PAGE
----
Thousands gathered to witness a rousing pōhiri as the waka hourua - signifying the historic voyages of Māori to Aotearoa - arrive in Tūranganui a Kiwa.
It did not come without its challenges, although the sun was shining, Tawhirimatea caused havoc and changed plans for the waka - which were originally going to berth and disembark at Waikanae beach.
But due to high winds they had to go into the port, and then travel back to the beach to join the larger ope with dignitaries including, the Prime Minister, French Polynesia President, Dame Patsy Reddy and others.
As they made their away along the path to where the whaikōrero were being had, seven teka were laid, being picked up by a range of people including navigator Hoturoa Barclay-Kerr and Minister for Māori Crown relations Kelvin Davis.
Ngahiraka mai Tawhiti carried the kawe mate of Tā Hekenukumai Busby and navigator Ema Siope.
The first speaker of the haukāinga, Taharakau Stewart from Rongowhakaata, welcomed the ope (entourage) in his kōrero and others speakers include Piri Sciascia who referred to the role of Hine pū te hue - the goddess who turns rough winds into peace, aligning to the concept of Tuia 250 to confront the past.
The Prime Minister was front and centre at the events today and said today's voyage is a crucial part of Aotearoa's history, as it's the first part.
"I think that is what Tuia is about, it's an opportunity for us to learn about each other's history, to have conversations. It travels through New Zealand, you can physically see through the ships and the waka that history in real life and what a great way to spark the conversation."
After the pōhiri she made her way to Te Poho o Rawiri marae and spoke from the mahau along with Dame Patsy Reddy.
Dame Patsy Reddy, Prime Minister Jacinda Ardern, and the British High Commissioner to NZ Laura Clarke have also gathered. pic.twitter.com/D9kWk8VlzS— RNZ Te Ao Māori (@RNZTeAoMaori) October 4, 2019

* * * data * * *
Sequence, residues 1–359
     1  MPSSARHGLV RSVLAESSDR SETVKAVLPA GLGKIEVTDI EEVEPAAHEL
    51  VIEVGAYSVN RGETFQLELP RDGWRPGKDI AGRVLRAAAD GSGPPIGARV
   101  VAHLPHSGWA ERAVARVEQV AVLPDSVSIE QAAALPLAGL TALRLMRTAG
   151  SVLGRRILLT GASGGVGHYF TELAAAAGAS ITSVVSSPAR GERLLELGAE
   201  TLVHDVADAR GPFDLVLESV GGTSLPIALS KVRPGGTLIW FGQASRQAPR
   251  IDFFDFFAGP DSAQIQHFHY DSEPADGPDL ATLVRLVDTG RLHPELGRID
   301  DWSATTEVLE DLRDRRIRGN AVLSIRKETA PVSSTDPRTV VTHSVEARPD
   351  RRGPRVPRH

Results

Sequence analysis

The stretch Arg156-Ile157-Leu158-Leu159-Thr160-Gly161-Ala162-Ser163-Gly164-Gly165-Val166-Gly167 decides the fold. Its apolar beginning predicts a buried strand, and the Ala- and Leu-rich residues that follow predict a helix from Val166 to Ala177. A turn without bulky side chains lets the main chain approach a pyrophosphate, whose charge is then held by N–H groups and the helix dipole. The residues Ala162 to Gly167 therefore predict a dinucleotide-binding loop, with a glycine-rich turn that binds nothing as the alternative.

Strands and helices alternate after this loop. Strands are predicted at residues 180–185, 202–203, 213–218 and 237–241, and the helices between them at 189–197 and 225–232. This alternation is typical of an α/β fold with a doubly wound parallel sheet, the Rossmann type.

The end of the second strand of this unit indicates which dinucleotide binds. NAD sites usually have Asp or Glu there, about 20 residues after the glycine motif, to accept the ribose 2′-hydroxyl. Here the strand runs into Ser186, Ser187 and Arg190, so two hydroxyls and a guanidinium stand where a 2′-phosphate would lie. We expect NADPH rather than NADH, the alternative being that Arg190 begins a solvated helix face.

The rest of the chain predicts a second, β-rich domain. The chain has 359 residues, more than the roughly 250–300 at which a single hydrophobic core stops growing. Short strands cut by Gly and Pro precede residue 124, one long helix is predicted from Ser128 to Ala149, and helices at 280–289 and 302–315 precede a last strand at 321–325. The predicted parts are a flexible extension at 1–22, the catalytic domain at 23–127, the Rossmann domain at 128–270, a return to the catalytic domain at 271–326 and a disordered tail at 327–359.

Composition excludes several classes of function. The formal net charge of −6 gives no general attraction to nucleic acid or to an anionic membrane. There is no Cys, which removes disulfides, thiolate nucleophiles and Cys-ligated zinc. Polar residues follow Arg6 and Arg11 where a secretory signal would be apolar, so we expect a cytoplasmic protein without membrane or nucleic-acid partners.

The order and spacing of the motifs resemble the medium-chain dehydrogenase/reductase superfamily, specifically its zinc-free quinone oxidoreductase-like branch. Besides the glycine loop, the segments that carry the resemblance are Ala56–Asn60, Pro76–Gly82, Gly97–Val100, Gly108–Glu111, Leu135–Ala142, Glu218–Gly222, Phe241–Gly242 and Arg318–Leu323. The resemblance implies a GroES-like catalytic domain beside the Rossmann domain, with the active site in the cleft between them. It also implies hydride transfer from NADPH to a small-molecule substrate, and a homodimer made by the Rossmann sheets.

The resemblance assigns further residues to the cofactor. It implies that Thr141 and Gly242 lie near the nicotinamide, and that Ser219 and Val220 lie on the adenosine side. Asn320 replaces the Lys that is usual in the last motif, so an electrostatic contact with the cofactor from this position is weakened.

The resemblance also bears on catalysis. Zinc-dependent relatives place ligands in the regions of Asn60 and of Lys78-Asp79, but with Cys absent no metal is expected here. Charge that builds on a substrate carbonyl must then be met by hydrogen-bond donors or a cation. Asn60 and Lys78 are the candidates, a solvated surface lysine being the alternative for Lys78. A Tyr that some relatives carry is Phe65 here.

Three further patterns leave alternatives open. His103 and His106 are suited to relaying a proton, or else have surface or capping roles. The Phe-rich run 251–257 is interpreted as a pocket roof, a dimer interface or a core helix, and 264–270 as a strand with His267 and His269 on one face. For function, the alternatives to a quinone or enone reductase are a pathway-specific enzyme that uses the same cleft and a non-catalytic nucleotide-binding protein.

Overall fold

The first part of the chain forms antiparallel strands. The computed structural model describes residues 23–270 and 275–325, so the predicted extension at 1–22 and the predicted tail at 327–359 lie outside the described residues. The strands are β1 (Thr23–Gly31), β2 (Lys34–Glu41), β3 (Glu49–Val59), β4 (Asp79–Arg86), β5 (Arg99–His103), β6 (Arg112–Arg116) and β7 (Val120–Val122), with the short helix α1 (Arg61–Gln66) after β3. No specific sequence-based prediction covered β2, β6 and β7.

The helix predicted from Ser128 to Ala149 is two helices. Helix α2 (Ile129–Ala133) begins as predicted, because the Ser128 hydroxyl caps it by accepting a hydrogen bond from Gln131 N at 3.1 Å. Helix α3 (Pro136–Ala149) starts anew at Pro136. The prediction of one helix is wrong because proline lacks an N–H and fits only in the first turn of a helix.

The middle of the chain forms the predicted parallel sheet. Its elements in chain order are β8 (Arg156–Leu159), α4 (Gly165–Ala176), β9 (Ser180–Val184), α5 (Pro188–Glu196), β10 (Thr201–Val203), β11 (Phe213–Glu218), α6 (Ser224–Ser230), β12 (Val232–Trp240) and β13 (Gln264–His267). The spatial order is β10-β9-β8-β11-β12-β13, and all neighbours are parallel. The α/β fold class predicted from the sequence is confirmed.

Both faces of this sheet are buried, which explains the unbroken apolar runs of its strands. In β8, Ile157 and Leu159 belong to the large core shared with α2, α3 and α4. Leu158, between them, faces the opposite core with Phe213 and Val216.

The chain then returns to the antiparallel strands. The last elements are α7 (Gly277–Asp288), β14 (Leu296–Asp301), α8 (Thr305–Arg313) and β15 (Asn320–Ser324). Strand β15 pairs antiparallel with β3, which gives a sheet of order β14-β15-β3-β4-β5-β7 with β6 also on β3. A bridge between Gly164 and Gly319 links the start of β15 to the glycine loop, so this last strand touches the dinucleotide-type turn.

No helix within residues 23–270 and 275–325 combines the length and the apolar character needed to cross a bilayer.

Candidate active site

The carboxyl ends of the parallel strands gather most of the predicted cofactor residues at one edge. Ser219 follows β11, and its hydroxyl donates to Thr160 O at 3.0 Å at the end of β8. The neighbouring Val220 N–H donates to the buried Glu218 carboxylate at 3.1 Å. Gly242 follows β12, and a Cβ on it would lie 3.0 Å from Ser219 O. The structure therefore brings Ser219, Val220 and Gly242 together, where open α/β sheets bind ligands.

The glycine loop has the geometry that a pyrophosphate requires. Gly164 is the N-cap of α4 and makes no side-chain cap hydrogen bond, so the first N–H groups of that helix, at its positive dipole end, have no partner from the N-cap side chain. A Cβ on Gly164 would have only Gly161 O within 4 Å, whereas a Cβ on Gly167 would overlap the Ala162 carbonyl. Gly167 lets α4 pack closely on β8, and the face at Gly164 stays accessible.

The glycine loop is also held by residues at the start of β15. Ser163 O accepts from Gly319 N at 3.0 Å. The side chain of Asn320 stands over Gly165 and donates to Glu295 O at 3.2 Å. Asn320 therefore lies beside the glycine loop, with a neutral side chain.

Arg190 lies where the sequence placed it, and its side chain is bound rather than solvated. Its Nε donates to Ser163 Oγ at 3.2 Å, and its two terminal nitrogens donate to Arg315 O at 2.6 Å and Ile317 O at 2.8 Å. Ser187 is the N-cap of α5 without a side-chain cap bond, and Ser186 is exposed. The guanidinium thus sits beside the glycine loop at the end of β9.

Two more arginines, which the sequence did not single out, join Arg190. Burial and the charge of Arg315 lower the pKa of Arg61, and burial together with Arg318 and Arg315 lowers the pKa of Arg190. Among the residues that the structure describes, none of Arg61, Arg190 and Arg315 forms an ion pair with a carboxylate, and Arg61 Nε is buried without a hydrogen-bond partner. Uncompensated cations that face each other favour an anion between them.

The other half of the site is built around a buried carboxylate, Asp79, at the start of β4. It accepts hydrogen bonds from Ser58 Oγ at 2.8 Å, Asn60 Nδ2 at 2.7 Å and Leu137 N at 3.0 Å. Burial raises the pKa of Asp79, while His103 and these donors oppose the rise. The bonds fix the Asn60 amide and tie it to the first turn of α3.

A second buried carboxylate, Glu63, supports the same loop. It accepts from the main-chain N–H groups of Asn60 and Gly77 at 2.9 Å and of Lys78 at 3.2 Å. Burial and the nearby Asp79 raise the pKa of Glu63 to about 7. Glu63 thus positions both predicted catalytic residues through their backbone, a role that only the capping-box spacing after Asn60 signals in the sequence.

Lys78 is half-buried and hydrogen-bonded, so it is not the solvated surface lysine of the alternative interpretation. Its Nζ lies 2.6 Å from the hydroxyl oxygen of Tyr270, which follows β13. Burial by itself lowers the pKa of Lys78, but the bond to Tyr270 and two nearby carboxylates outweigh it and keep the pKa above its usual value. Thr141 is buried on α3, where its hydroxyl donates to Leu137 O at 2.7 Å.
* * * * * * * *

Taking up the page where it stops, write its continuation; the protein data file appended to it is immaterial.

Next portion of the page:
The group from French Polynesia were a prominent part of proceedings today - symbolising the connection with Tupaia, who was a key navigator on the Endeavour.
They handed over a kōhatu or stone which symbolised the mauri of Tupaia from the waka hourua, Fa'afaite. The stone is one of many that were collected from significant sites to Tupaia back in his whenua, which will be given to each place they visit.
Flotilla kaitiaki and master navigator Jack Thatcher said although the voyage today was not perfect it was a great day.
He said that despite opposition to the wider commemorations including the replica of the Endeavour arriving next week, that it is in fact part of the healing process of facing New Zealand's history.
"We can hold on to anger, hatred and all those things for as long as we want, but some of us, we want to come out of it and I think Tuia is the binding together of those positive things that come from voyaging.
"I think it's not something we should hide from, or hide from our tamariki, they don't know the true story of what happened to Te Maro, and we need to hear these stories,"
Mr Thatcher said at the end of the voyage they will collect all the stories they have heard and gathered in their voyages and present it back to the nation to help with the healing process.
The waka have 15 out of the 17 stops left as part of the wider Tuia voyage, with their next stop being Uawa or Tolaga Bay.